Respondent judge has no jurisdiction to take cognizance of the case because the subject matter thereof clearly falls within the scope of cases now exclusively within the jurisdiction of the Court of Tax Appeals. Section 7 of Republic Act No. 1125, enacted June 16, 1954, granted to the Court of Tax Appeals exclusive appellate jurisdiction to review by appeal, among others, decisions of the Commissioner of Internal Revenue in cases involving disputed assessments, refunds of internal revenue taxes, fees or other charges, penalties imposed in relation thereto, or other matters arising under the National Internal Revenue Code or other law or part of law administered by the Bureau of Internal Revenue. The law transferred to the Court of Tax Appeals jurisdiction over all cases involving said assessments previously cognizable by courts of first instance, and even those already pending in said courts. 1 The question of whether or not to impose a deficiency tax assessment on Meralco Securities Corporation undoubtedly comes within the purview of the words "disputed assessments" or of "other matters arising under the National Internal Revenue Code . . ." In the case of Blaquera v. Rodriguez, Et Al., 2 this Court ruled that "the determination of the correctness or incorrectness of a tax assessment to which the taxpayer is not agreeable, falls within the jurisdiction of the Court of Tax Appeals and not of the Court of First Instance, for under the provisions of Section 7 of Republic Act No. 1125, the Court of Tax Appeals has exclusive appellate jurisdiction to review, on appeal, any decision of the Collector of Internal Revenue in cases involving disputed assessments and other matters arising under the National Internal Revenue Code or other law or part of law administered by the Bureau of Internal Revenue."cralaw virtua1aw library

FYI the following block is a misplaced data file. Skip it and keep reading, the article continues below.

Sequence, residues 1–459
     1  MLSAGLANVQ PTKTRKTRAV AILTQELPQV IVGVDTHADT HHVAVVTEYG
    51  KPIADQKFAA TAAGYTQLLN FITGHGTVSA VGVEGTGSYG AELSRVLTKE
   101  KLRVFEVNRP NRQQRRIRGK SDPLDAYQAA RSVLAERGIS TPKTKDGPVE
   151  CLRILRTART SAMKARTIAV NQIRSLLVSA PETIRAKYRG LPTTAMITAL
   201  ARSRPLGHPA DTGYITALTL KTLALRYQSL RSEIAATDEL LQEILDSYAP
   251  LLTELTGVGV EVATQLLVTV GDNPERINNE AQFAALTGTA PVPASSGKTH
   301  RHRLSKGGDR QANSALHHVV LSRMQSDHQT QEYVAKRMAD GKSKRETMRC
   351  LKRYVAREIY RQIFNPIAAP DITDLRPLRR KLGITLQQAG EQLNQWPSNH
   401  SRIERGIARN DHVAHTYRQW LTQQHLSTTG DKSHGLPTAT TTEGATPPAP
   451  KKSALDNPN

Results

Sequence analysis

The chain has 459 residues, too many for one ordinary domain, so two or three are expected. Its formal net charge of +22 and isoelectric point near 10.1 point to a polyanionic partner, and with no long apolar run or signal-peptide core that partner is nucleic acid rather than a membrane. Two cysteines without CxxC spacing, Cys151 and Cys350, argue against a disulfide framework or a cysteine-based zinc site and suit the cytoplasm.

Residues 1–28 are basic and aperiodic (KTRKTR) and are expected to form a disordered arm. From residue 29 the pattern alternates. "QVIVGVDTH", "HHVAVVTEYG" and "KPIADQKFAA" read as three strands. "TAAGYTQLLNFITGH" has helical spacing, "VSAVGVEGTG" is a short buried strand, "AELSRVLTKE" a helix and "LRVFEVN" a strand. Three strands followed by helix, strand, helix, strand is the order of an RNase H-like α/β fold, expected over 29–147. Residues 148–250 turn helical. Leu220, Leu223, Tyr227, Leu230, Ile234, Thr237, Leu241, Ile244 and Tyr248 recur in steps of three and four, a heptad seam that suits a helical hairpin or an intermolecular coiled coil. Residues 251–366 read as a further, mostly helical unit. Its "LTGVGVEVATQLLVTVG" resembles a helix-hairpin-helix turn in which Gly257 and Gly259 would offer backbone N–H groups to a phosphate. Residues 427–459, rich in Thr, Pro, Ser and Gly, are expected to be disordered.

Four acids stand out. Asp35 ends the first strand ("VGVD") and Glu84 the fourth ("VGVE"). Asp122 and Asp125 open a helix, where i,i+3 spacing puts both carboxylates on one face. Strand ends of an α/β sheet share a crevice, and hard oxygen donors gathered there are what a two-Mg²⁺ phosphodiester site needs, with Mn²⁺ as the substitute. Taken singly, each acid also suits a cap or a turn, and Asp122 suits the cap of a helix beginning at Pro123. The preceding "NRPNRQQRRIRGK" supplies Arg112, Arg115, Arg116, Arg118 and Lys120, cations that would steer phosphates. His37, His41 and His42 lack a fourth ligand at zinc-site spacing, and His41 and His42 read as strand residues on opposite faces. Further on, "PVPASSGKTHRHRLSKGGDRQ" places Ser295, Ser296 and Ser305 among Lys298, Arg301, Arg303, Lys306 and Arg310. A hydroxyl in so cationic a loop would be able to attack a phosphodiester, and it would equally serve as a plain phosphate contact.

Thus, even assuming arguendo that the right granted the taxpayers affected to question and appeal disputed assessments, under section 7 of Republic Act No. 1125, may be availed of by strangers or informers like the late Maniago, the most that he could have done was to appeal to the Court of Tax Appeals the ruling of petitioner Commissioner of Internal Revenue within thirty (303 days from receipt thereof pursuant to section 11 of Republic Act No. 1125. 3 He failed to take such an appeal to the tax court. The ruling is clearly final and no longer subject to review by the courts. 4

It is furthermore a well-recognized rule that mandamus only lies to enforce the performance of a ministerial act or duty 5 and not to control the performance of a discretionary power. 6 Purely administrative and discretionary functions may not be interfered with by the courts. 7 Discretion, as thus intended, means the power or right conferred upon the office by law of acting officially under certain circumstances according to the dictates of his own judgment and conscience and not controlled by the judgment or conscience of others. 8 Mandamus may not be resorted to so as to interfere with the manner in which the discretion shall be exercised or to influence or coerce a particular determination. 9